Date: October 29, 2017
Preaching: The Rev. Donna M.L. Pritchard
Scripture: 2 Corinthians 4:7-18
Do you like puzzles? It is a particular way of playing – putting puzzles together. It means you have to try things out, and it includes trial and error. Puzzling requires imagination and creativity, while it implies ambiguity and the subsequent series of successes as well as failures. Puzzle play also means re-forming, changing the old to discover the new. That process of dismantling what we have and taking it apart can be painful. For some, it feels like nothing more than destruction, as things we formerly created begin to change. And change of any kind is not always easy. It is not always neat and seldom is it simple. In the history of the world, change has often led to unrest, arguments, even to war.
When the Commission on a Way Forward met in Berlin recently, we had the opportunity to travel to Wittenberg, Germany, the site where it all happened, where 500 years ago Martin Luther, a Roman Catholic monk, looked at the state of his church and compiled a list of 95 things he felt needed to change. Luther wrote down 95 theses and mailed them to the archbishop, not knowing he was about to launch the Protestant Reformation.
In studying Paul’s letter to the Romans, Luther had latched onto Paul’s statement that “a person is justified by faith, apart from works of the law.” Luther’s conviction about the truth of that statement, and his subsequent theology of sola fide – faith alone – expressed his trust in the unconditional nature of God’s love. That same conviction led him to preach against what he saw as abuses of the Church’s power, things like the selling of “indulgences”, kind of “get-out-of-hell-free” cards. For a fee, laity could have their sins forgiven. And it worked for past sins you regretted, and you could also pay ahead – sort of a lay-away for future sins!
Together with other “alone” statements – Christ alone, Grace alone, Scripture alone – Luther lit the fuse and the Reformation took off like wildfire in 1517, leading to church services with understandable sermons preached in the local language; and Holy Communion with bread and wine served to all; and eventually, even to the Bible being translated into German and made available for all to read.
Reformation causes disruption. It often requires a dismantling of what “is” in order to make possible what “can be”. I think of a beautiful Monarch butterfly. We all know it didn’t start out life that beautifully. It took some disruption, some reformation to go from crawling to flight, and that very disruption becomes a part of the solution for new life.
When the Psalmist suggests The stone the builders rejected has become the cornerstone, and when that passage is used in relation to Jesus’ own death and resurrection, it makes me wonder if perhaps the solution – the re-formation we seek will be found in that which has been rejected itself. Martin Luther found his cornerstone in Paul’s understanding of the priesthood of all believers. And on May 24, 1738, John Wesley stumbled upon his cornerstone when he heard Luther’s preface to the book of Romans read in an Aldersgate Street Bible study.
Suddenly, Wesley said, I felt my heart strangely warmed… as he found that same cornerstone of God’s unconditional love, a pure gift given through faith alone. And the rest – as they say – is history for us: Wesley’s development of classes and societies, small groups formed for spiritual growth and accountability; theological discussions which morphed into “holy conferences” where questions of what to teach and what to do continue to be asked; theological differences which have managed until now to lives side by side using Wesley’s oft-repeated injunction: If your heart is as my heart, if you love God and all humanity, I ask no more; if your heart is as my heart, give me your hand.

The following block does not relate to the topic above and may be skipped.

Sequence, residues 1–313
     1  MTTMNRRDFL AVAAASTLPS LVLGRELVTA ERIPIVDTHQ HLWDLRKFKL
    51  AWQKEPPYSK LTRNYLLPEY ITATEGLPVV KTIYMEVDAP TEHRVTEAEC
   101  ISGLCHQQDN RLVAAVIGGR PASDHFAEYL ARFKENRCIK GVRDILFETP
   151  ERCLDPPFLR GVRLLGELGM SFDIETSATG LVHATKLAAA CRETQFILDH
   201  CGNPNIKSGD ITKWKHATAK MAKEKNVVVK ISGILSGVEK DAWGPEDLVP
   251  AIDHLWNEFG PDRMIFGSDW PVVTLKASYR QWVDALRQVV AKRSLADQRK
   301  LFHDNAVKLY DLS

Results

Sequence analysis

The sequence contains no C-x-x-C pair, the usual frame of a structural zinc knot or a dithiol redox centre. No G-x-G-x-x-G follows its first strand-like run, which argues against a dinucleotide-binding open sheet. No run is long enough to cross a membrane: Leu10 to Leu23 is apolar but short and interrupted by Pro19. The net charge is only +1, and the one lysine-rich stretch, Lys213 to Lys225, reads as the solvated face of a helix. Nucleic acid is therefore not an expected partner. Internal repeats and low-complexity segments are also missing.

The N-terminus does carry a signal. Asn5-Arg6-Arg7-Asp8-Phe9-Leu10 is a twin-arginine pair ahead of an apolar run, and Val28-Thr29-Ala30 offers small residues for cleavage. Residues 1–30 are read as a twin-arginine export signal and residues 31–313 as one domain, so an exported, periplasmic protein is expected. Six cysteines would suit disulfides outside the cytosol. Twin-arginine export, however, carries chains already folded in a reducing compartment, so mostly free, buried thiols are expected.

Many of us have found similar cornerstones in the theology of full inclusion and the insistence on God’s unconditional love lived out in justice for all of creation – people and planet alike. Yet still the question confronts us… how will we deal with change, how can we welcome the disruptions of reformation in our time? In the quickly and dramatically changing world which Luther faced in 1517, and which we face even more so in 2017, church business as usual will no longer cut it. Our future will not look the same as our past.
So is it possible for us to view change as part of a life-giving, renewing process, even when it feels as if the bridges have broken apart and we are not certain how we will get from “here” to “there”? I believe it is possible. And I believe we are called to risk the crossing, to re-make the bridge, to create a church, a world and our own lives that are bigger than they are right now.
Because I also believe reformation is always happening. And reformation is always possible when we return to the cornerstone of God’s love. St Paul reminds us of the treasure we share – our connection with God and with the world God loves. And then he goes on to point out we carry this treasure in jars of clay, in something that is fragile, vulnerable, and easily broken. The challenge for us is to remain more attached to the content – God’s Gospel of love and justice – than we are to the container – the Church as we know it.
It helps to be reminded that if the container is at risk, the treasure is still strong…
We are hard pressed on every side, but not crushed
Perplexed but not in despair
Persecuted, but not abandoned
Struck down, but not destroyed…
Therefore we do not lose heart. Though outwardly we are wasting away, yet inwardly we are being renewed day by day.
The clay jar may fall away, but the treasure will remain through every instance and every moment of reformation, every day. Thanks be to God! Amen.